Benefits of Unschooling
In an essence, unschooling is spontaneous learning centered on exploring interests, gratifying natural curiosity, and learning via hands-on experimentation and modeling.
Builds on Natural Gifts and Talents.
In a regular school system, children who are identified as difficult learners may find unschooling to be the optimal learning environment. A student with dyslexia can write without worrying about being judged on his spelling and grammar, he may turn out to be a creative, talented writer. That isn’t to say that unschooling parents overlook important skills. Instead, they encourage their children to focus on their strengths while also assisting them in identifying tools to help them overcome their shortcomings. Because kids process information differently than their peers, this change in focus allows children to attain their maximum potential based on their unique skill set without feeling inadequate.
On topics that interest them, both adults and children tend to retain more taught information. We maintain proficiency in the abilities we utilize on a daily basis. Unschooling takes advantage of this fact. An unschooled student has a genuine interest in acquiring the facts and skills that tickle their interest, rather than being compelled to retain random material long enough to pass an exam. While working on a construction job, an unschooled kid may pick up geometry abilities. While reading and writing, he improves his grammar and spelling skills. For example, while reading, he notes that discourse is separated by quote marks and decides to use the same strategy in his own writing.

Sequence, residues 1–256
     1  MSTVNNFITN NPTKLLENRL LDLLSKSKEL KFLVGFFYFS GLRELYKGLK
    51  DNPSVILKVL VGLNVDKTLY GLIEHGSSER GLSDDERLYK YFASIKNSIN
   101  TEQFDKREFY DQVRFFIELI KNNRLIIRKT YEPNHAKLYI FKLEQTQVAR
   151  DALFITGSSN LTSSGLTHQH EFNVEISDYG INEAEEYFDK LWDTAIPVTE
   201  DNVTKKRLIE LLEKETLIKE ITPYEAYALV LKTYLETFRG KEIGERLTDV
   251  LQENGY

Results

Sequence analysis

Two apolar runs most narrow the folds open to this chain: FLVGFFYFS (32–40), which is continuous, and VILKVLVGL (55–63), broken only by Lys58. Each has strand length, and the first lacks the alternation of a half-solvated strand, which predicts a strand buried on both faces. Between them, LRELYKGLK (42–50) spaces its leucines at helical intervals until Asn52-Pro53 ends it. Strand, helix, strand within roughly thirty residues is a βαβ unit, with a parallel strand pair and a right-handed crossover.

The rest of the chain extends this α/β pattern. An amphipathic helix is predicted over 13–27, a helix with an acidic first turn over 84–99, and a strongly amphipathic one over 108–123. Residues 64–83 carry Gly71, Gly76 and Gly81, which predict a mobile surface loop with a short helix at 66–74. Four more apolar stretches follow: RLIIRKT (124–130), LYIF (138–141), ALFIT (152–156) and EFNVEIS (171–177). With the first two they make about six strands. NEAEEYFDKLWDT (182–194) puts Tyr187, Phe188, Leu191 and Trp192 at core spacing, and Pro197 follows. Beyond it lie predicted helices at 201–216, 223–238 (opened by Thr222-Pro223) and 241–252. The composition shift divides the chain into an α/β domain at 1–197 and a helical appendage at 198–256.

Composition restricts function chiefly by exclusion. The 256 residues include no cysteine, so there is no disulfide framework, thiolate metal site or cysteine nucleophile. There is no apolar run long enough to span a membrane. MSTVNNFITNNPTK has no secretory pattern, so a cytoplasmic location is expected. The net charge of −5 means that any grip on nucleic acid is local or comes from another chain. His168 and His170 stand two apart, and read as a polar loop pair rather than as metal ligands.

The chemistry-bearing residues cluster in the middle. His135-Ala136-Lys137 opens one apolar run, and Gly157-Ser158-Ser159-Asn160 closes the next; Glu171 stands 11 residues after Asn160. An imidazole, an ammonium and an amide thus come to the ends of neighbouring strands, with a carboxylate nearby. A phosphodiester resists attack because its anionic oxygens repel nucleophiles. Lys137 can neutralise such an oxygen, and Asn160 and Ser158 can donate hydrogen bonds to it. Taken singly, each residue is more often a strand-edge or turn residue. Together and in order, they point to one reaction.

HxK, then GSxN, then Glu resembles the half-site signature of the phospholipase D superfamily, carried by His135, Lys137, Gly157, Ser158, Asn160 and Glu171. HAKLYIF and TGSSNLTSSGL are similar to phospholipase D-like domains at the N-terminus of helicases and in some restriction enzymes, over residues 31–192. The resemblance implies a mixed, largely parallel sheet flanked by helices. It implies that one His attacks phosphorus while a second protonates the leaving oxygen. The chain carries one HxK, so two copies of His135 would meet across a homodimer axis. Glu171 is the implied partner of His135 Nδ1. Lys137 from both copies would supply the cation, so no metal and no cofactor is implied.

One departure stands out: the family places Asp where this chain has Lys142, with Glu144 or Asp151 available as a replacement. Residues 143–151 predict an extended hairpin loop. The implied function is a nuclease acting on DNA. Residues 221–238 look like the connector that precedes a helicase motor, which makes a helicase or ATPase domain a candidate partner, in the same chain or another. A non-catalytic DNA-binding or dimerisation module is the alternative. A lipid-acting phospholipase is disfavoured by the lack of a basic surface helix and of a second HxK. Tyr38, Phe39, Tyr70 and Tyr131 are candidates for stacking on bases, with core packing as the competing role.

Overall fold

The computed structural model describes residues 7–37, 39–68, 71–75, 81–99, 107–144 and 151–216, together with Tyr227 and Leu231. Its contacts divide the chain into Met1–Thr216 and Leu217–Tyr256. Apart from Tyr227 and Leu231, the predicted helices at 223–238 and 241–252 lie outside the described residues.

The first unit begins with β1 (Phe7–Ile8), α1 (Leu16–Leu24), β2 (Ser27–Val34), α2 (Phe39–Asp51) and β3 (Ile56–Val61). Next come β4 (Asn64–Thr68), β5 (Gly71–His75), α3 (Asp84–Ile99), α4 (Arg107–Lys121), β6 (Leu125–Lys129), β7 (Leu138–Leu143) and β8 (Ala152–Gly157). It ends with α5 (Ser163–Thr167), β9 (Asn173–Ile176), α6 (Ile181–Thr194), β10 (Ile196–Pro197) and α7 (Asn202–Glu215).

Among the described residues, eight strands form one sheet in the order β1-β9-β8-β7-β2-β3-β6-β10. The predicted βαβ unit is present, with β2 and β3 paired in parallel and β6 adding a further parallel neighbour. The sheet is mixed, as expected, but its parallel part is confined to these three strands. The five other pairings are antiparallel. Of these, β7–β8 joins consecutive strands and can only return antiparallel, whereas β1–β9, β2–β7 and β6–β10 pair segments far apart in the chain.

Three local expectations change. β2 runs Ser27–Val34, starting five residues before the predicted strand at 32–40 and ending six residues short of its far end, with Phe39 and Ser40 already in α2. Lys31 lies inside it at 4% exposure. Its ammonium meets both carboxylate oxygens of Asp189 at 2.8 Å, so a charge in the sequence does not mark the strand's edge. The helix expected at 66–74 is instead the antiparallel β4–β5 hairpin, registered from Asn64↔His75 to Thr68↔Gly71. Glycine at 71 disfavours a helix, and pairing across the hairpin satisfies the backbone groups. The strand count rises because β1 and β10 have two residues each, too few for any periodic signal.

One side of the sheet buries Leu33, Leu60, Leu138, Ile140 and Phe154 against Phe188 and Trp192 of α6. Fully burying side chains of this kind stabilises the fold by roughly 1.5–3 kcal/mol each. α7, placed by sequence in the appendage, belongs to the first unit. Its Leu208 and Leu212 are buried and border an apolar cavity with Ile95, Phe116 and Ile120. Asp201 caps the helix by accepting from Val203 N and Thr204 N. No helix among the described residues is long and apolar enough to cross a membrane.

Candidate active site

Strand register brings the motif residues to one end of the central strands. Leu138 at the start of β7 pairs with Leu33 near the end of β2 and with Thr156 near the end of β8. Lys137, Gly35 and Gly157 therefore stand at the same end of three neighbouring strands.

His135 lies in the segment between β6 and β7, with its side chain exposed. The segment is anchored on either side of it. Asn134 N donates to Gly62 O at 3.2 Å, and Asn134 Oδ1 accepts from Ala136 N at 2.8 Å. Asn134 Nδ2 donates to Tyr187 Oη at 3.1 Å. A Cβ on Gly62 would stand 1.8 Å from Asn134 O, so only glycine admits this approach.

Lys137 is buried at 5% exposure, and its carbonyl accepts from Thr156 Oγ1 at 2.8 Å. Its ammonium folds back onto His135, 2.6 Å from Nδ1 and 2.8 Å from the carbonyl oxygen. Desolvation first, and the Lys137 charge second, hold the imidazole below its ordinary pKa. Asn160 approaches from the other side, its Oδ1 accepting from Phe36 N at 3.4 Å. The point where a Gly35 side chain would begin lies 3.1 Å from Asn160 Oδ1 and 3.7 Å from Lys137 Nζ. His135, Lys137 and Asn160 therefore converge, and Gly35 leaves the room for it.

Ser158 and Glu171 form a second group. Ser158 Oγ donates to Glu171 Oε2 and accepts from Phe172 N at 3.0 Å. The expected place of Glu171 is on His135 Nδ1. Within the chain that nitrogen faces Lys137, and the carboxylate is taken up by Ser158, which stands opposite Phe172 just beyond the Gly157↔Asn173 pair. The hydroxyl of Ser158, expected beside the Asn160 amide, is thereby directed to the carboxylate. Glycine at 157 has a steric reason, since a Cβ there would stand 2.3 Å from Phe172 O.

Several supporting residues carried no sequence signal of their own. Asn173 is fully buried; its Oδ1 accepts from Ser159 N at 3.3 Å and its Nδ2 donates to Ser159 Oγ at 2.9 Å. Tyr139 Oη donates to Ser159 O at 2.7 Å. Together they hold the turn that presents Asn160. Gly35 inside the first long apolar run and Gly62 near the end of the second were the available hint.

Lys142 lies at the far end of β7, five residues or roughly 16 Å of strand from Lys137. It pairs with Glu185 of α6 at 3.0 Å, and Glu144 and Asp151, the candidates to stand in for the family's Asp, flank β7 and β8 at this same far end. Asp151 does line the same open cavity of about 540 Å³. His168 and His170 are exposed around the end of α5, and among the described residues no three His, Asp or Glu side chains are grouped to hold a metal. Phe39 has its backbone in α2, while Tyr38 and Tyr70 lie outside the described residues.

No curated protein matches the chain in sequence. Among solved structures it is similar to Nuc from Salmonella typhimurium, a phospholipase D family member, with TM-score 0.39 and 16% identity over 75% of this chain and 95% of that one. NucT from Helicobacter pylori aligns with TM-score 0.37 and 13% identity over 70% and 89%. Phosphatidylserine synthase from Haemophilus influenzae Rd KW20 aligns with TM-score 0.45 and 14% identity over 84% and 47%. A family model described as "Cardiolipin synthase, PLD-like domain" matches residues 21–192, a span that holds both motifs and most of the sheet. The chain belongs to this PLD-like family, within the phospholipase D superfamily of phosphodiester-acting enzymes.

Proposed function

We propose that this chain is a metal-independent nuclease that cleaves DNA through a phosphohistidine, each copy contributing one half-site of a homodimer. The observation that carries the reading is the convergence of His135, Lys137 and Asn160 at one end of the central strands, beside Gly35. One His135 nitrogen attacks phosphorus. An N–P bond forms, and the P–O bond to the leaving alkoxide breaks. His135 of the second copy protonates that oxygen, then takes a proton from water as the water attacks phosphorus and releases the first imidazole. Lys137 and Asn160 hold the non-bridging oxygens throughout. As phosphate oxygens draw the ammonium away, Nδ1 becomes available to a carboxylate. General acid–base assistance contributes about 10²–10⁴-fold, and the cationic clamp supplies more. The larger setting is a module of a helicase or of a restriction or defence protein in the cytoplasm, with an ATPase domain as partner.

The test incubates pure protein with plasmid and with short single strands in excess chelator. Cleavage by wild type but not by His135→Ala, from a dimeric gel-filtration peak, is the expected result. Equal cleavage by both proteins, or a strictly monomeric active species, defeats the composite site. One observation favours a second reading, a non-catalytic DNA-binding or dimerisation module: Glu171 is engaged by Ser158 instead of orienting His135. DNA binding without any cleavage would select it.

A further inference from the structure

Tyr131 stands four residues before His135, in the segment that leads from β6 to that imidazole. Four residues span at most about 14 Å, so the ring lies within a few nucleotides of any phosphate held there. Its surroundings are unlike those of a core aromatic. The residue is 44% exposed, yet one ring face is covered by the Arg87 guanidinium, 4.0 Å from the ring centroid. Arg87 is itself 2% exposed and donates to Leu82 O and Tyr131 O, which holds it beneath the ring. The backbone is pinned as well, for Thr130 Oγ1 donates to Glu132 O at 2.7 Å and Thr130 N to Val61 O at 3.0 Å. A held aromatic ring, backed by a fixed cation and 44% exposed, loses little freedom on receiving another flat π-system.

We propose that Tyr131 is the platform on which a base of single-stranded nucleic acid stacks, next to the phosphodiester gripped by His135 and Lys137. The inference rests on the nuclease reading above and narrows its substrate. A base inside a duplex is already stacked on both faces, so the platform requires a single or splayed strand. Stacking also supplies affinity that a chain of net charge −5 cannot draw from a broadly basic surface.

Unschoolers are naturally self-motivated learners since they are self-directed. One child might learn to read so that he can follow the instructions on a video game. Another person may learn because he is weary of waiting for someone to read to her and wants to be able to pick up a book and read for herself. When unschooled children realize the value in learning something they don’t enjoy, they confront it. A student who dislikes math, for example, will plunge into studies since it is required for his chosen field, college entrance examinations, or successful completion of core coursework. Teens who had previously avoided learning algebra or geometry leapt right in and advanced quickly and successfully through the sessions once they realized the importance of mastering those skills.
Children become interested and alive when they relate what they learn to their own experiences, and what they learn becomes their own. Waldorf schools are specifically designed to encourage this type of learning.